An entrepreneurial society is one in which “innovation and entrepreneurship are normal, steady, and continuous.” See Peter Drucker, Innovation and Entrepreneurship 313 (reprint 2014) (1985). On a more micro-level, this requires “executives in all institutions [to] make innovation and entrepreneurship a normal, ongoing, every day activity, a practice in their own work and in that of their organization.” Id. Those building on Drucker’s 1985 work have determined that there are three preconditions necessary in order for “the entrepreneurial society to properly take hold:” means, motive, and opportunity. See Julian Birkinshaw, The 3 Preconditions for an Entrepreneurial Society, Harvard Business Review (Aug. 18, 2016), bit.ly/2bnvaPs.
As to means, these researchers believe that the proliferation of cheap and accessible technology provides us with ample means for an entrepreneurial society. Id. For example, a freelance worker needs only “an internet connection and a service to sell,” and a taxi driver needs only “a car and a GPS.” Id. As for motive, drawing on Maslow’s hierarchy of needs, they posit that the post-Industrial Revolution era led to salaried jobs, which allowed many to stop worrying about many of the lower rungs, and to focus on self-actualization–the top of the pyramid. Id.
Finally, as to opportunity, they offer that “[n]ew technologies and economic and social changes have opened up vast new opportunity areas,” and that the “social acceptance of entrepreneurship has also improved.” However, they also note that entrepreneurs are subject to many obstacles, such as employment law, intellectual property rules, and the like, noting that “the institutions that govern capitalism are still stuck in the late 19th century.” Id.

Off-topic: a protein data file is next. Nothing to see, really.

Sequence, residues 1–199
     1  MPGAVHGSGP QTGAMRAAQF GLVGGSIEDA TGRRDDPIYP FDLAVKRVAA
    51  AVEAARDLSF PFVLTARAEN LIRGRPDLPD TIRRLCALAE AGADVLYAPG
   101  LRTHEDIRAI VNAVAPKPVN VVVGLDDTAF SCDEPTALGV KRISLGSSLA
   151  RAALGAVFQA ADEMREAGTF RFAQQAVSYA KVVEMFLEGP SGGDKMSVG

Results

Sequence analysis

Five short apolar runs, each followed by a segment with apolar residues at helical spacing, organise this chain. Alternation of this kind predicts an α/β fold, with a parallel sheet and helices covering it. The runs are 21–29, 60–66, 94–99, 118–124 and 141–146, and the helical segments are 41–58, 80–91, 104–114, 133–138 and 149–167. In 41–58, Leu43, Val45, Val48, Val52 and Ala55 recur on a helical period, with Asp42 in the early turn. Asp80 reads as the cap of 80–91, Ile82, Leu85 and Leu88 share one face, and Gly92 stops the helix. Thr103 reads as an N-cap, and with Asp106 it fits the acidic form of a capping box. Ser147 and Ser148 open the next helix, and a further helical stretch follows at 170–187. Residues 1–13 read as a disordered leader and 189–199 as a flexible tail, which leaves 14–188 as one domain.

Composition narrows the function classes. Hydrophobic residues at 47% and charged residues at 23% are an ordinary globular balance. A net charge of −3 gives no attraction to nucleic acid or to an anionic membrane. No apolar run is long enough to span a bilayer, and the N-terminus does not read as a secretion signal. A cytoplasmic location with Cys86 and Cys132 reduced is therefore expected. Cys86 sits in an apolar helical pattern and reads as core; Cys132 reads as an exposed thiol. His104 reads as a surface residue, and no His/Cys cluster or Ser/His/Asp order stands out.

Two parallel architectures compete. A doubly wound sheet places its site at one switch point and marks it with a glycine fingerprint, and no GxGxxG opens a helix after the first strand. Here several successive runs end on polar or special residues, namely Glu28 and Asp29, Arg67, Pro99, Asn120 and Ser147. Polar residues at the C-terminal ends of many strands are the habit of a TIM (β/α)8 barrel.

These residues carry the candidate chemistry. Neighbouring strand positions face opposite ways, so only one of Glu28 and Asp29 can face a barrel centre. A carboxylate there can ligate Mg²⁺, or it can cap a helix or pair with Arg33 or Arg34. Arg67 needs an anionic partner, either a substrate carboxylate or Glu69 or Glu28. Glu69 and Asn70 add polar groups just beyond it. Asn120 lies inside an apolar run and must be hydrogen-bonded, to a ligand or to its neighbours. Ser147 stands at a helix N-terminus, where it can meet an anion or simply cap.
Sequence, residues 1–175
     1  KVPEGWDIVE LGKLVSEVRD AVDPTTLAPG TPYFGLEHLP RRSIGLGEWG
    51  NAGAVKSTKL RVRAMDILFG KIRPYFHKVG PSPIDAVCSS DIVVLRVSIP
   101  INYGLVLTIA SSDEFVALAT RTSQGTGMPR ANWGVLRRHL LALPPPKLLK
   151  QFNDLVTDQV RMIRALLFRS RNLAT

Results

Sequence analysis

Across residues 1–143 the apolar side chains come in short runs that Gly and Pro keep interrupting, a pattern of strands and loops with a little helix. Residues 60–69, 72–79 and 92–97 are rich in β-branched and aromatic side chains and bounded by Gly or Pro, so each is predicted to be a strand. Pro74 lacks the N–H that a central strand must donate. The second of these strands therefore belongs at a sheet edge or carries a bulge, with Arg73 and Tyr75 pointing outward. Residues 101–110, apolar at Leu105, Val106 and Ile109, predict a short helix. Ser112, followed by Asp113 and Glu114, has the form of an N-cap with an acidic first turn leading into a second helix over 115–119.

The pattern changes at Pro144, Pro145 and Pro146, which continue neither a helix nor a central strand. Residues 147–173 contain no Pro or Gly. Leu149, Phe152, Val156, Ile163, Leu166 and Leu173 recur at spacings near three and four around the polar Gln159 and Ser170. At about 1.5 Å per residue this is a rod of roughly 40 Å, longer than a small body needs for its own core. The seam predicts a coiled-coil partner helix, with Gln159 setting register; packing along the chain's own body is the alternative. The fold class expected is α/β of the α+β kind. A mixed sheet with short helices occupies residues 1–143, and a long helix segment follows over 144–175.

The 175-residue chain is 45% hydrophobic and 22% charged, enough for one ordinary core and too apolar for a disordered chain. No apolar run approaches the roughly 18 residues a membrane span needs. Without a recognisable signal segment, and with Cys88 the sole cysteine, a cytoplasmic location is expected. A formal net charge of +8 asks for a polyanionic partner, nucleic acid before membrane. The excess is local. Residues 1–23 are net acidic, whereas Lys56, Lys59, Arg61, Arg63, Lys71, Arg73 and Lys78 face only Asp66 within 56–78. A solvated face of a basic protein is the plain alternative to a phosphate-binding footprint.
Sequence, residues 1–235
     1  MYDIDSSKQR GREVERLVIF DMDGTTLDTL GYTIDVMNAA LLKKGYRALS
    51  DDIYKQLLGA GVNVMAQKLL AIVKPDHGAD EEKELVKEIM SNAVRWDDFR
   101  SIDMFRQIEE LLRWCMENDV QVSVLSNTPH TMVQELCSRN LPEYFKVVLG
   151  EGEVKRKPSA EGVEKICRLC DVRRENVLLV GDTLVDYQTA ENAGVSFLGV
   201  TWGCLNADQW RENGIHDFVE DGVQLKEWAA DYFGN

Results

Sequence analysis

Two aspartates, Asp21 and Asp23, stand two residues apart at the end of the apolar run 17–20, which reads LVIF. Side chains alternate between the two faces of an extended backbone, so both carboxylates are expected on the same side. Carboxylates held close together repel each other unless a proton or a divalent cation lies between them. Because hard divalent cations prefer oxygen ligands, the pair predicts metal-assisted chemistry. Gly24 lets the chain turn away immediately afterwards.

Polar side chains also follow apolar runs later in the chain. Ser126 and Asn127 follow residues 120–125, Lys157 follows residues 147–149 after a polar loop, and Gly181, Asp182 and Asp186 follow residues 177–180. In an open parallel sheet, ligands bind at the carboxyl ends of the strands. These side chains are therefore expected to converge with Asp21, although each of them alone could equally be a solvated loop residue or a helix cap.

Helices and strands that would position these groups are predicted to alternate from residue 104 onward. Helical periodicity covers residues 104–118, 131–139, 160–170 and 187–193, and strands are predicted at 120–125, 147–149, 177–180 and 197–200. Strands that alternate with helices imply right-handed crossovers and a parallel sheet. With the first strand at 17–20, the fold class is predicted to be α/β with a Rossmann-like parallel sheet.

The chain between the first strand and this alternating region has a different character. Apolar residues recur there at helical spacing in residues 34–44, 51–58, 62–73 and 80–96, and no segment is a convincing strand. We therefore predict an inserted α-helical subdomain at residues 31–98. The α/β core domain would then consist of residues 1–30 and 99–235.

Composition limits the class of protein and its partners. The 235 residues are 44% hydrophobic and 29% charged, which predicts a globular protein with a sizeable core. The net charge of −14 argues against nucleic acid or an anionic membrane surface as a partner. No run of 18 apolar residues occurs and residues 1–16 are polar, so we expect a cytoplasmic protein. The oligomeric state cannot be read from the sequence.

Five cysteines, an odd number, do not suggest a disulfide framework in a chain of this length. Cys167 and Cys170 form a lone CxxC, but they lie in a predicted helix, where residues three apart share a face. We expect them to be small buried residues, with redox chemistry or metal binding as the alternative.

Is this a good thing? From the point of view of a single entrepreneur trying to put their new company on a rocket-ship trajectory, probably not. However, from a macro societal perspective, it is not so clear. Our system of law and regulation has almost always lagged behind the marketplace and technological developments by years, if not decades. Although this may frustrate some, it is a natural byproduct of at least two aspects of our system. First, our tripartite representative republic ensures that powers are separated–an important safeguard, but one that, of course, sacrifices some efficiency in search of protection against unlimited power in one man’s hands. Second, our common law roots means that our judicial doctrines develop gradually and over time. Although these two aspects may frustrate some entrepreneurs, and although they are not perfect, it seems unlikely that anyone would be willing to abandon them in search of a perfectly and instantly reactive system of governance. (Which comes with its own series of unintended consequences). Improvements can certainly be made, but they too will come gradually.
Thus, although we may have most of the requirements for an entrepreneurial society, it is unlikely that we will ever have an obstacle-free opportunity precondition for such a society. I doubt that this means that we cannot have an entrepreneurial society. Rather, I believe it means that entrepreneurs will need to work to overcome and work around these obstacles in the most efficient way possible.